Thursday, July 10, 2014

Reading, Writing, Counting

Summary of the lesson:

Genetics and education

The human brain has not evolved to learn to read, but it has the potential to acquire an additional lexicon in a new modality (usually visual). Representations for visual forms of words progressively settle in the occipito- temporal cortex, recruiting for their own purpose a subset of a functionally appropriate object recognition region. These new functional areas have to connect with the existing lexicon in the temporo-parietal junction. In alphabetic writing systems, the acquisition of orthographic lexical items and their connection with phonological and semantic ones is greatly facilitated by the acquisition of sublexical relations between graphemes and phonemes: such orthographic-phonological conversion is likely performed by the posterior superior temporal gyrus. In developmental dyslexia, reading acquisition difficulties seem to stem from a specific phonological deficit comprising an impaired phonological awareness, leading to a poor ability to learn grapheme-phoneme correspondences. At the neural level, this may result from a dysfunction of the temporo-parietal brain areas, or of their underlying connections with orthographic representations.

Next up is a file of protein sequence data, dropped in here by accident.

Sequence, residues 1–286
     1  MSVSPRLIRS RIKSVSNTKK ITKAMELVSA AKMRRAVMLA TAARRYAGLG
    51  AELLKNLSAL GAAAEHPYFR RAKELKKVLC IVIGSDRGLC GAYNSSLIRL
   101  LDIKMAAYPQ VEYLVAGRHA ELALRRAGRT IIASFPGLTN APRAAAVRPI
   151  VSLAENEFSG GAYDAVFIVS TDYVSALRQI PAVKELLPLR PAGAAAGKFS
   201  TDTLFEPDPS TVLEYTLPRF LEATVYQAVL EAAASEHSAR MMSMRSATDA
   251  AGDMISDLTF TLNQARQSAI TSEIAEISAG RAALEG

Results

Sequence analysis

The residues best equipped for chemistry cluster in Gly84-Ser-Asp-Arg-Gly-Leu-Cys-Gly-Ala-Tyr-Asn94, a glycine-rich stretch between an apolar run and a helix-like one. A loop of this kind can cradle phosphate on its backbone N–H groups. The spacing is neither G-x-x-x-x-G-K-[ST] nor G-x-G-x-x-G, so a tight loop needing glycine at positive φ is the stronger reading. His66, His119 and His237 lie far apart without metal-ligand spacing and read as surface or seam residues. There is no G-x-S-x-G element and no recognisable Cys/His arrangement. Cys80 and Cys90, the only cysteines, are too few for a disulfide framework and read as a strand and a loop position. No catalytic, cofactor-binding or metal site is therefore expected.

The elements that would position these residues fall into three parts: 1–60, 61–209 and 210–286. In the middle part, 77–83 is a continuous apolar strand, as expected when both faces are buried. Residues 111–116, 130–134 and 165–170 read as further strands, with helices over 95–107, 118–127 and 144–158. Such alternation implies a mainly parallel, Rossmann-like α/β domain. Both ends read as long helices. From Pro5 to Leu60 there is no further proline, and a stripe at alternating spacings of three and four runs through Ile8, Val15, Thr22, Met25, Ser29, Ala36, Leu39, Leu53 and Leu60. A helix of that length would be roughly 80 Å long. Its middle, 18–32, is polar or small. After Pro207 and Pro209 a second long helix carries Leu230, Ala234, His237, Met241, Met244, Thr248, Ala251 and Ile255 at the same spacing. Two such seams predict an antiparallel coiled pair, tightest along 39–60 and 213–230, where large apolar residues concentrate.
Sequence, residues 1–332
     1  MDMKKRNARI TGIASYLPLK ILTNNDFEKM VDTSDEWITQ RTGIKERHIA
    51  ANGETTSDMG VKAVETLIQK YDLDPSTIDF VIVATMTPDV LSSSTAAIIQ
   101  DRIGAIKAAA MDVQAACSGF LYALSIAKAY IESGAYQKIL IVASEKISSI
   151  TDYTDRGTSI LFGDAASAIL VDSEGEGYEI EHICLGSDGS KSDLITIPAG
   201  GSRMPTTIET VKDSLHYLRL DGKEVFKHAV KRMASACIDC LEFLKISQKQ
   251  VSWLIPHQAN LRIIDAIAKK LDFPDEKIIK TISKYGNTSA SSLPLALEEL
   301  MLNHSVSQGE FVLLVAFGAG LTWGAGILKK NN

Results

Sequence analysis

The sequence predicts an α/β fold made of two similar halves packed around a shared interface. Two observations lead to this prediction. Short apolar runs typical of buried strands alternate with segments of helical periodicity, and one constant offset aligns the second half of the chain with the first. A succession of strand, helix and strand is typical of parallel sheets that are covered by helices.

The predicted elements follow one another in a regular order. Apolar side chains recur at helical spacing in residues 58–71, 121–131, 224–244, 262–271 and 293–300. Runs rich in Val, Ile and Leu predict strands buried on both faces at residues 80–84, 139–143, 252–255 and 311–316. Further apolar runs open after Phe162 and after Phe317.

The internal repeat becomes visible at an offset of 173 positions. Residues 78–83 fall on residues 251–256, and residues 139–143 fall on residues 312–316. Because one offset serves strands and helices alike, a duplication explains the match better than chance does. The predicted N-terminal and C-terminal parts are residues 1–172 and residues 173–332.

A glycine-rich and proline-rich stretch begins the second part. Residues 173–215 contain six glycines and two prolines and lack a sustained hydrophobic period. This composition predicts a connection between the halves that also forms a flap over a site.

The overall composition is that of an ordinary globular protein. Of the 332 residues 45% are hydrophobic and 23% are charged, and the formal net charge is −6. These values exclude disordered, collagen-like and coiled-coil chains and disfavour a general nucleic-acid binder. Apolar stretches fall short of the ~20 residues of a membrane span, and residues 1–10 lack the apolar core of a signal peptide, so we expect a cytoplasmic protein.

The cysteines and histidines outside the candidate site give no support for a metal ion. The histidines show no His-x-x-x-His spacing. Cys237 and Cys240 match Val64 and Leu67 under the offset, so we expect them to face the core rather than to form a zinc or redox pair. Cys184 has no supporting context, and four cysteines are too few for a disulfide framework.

For revising the lesson: 

Genetics and education
  • Ramus, F. (2006). Genes, brain, and cognition: A roadmap for the cognitive scientist. Cognition, 101(2), 247-269  RamusCSI06web.pdf
  • Ramus, F. (2004). The neural basis of reading acquisition. In  M. Gazzaniga, The Cognitive Neurosciences.  3rd edition.
  • Ramus, et al. (2006). Lecture: Le point de vue des scientifiques.
  • Lecture en débat
  • Sciences cognitives et éducation - Les grands principes de l'apprentissage. Colloque du Ministère de l'éducation et du Collège de France (2012).
Further readings: 
  • Readings: Reading, writing, counting

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